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Published: Monday, 1/5/2009

Soil-conserving farmer tapped mechanical skill

WOODVILLE - Kenneth William Zunk, who designed and patented a soil-conserving plow and was honored for his soil-conservation practices as a farmer in Ottawa County, died Saturday in his Woodville home at age 90.

After returning from Army service during World War II, Mr. Zunk opened Ken's Garage in the Ottawa County hamlet of Martin, and in time he added a Ferguson tractor dealership to his business.

After the Massey-Ferguson merger cost him the dealership, daughter Bonnie Cipriani said, Mr. Zunk began building machines in his shop and renamed it Martin Manufacturing Co.

In 1954, he obtained a patent for the Cut-A-Mulcher, a field machine that, rather than turning over the earth in large chunks like a plow, mulched it in place so richer soil just below the surface remained there, rather than being deposited on top where it was vulnerable to wind and rain erosion, said Marian Wilson, Mr. Zunk's other daughter.

But the idea didn't catch on with the tractor manufacturers that Mr. Zunk tried to interest in producing it, and attempts to market the Cut-A-Mulcher through a friend who demonstrated it at Ohio State fairs generated few sales.

"The market wasn't ready for my idea in 1954," Mr. Zunk would tell Production Credit Association Farming, a small trade journal, 20 years later. "We still use it in our operations, and some area farmers who have seen it have asked to buy it."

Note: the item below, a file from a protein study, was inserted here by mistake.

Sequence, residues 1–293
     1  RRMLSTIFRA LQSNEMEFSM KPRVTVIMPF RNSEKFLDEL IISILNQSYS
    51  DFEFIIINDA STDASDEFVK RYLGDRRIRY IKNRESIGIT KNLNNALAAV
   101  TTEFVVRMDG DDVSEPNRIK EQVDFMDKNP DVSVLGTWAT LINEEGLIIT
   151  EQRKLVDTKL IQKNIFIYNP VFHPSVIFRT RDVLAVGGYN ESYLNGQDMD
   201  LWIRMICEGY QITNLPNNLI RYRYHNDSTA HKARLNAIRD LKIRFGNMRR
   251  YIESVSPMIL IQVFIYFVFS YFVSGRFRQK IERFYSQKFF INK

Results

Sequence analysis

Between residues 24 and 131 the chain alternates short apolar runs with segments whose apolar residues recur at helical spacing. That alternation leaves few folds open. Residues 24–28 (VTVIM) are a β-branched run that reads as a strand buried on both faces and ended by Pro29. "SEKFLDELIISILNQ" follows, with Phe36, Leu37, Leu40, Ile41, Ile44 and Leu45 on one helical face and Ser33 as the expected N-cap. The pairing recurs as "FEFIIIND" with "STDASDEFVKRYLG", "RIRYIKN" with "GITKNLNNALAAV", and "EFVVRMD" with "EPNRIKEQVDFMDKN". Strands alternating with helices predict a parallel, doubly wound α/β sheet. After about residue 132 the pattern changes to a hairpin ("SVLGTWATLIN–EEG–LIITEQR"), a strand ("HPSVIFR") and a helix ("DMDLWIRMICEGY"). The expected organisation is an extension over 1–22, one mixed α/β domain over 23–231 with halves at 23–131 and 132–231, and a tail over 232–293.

Over time, Mr. Zunk and his wife, Betty Marie, whom he had married in 1941, devoted more of their energy to farming rather than manufacturing, and in 1967 they moved from Martin to a farm tract outside Woodville, where by 1969 they were growing vegetables and grain crops on more than 300 acres.

In 1971, Mr. Zunk was chosen as Ottawa County Farmer of the Year because of his soil-conservation techniques.

Mr. Zunk had demonstrated mechanical inclination at a young age, Mrs. Wilson said.

"As a child, he loved taking things apart to see how they worked," she said, a tendency that naturally translated into his assignment as a mechanic during his wartime service in England and France.

Even after he stopped building farm equipment, Mrs. Wilson said, Mr. Zunk continued to maintain all of the machines for his farming operations, which he and Mrs. Zunk continued well into their 80s.

That bit of frugality helped their finances during hard times, the daughter said, "because he didn't need to take his equipment to someone else and pay them to fix it."

During what free time the couple had, the Zunks enjoyed boating and fishing on Lake Erie and traveling, making several national parks-oriented trips and visiting every U.S. state except Alaska. Mrs. Zunk went everywhere her husband went, including on fishing boats where "she got more fish than Dad did," Mrs. Wilson said.

Mrs. Zunk's death last July was very hard on her husband, the daughter added.

Mr. Zunk's survivors include his daughters, Marian L. Wilson and Bonnie L. Cipriani; sister, Violet M. Schwellinger; three grandchildren, six great-grandchildren, and one great-great-grandson. Along with his wife, he was preceded in death by a brother and a son.

The body will be in the Robinson-Walker Funeral Home, Genoa, after 5 p.m. tomorrow, with funeral services to begin at 11 a.m. Wednesday in the mortuary.

The family suggests tributes to the Allen-Clay Joint Fire District Station No. 3, Genoa.



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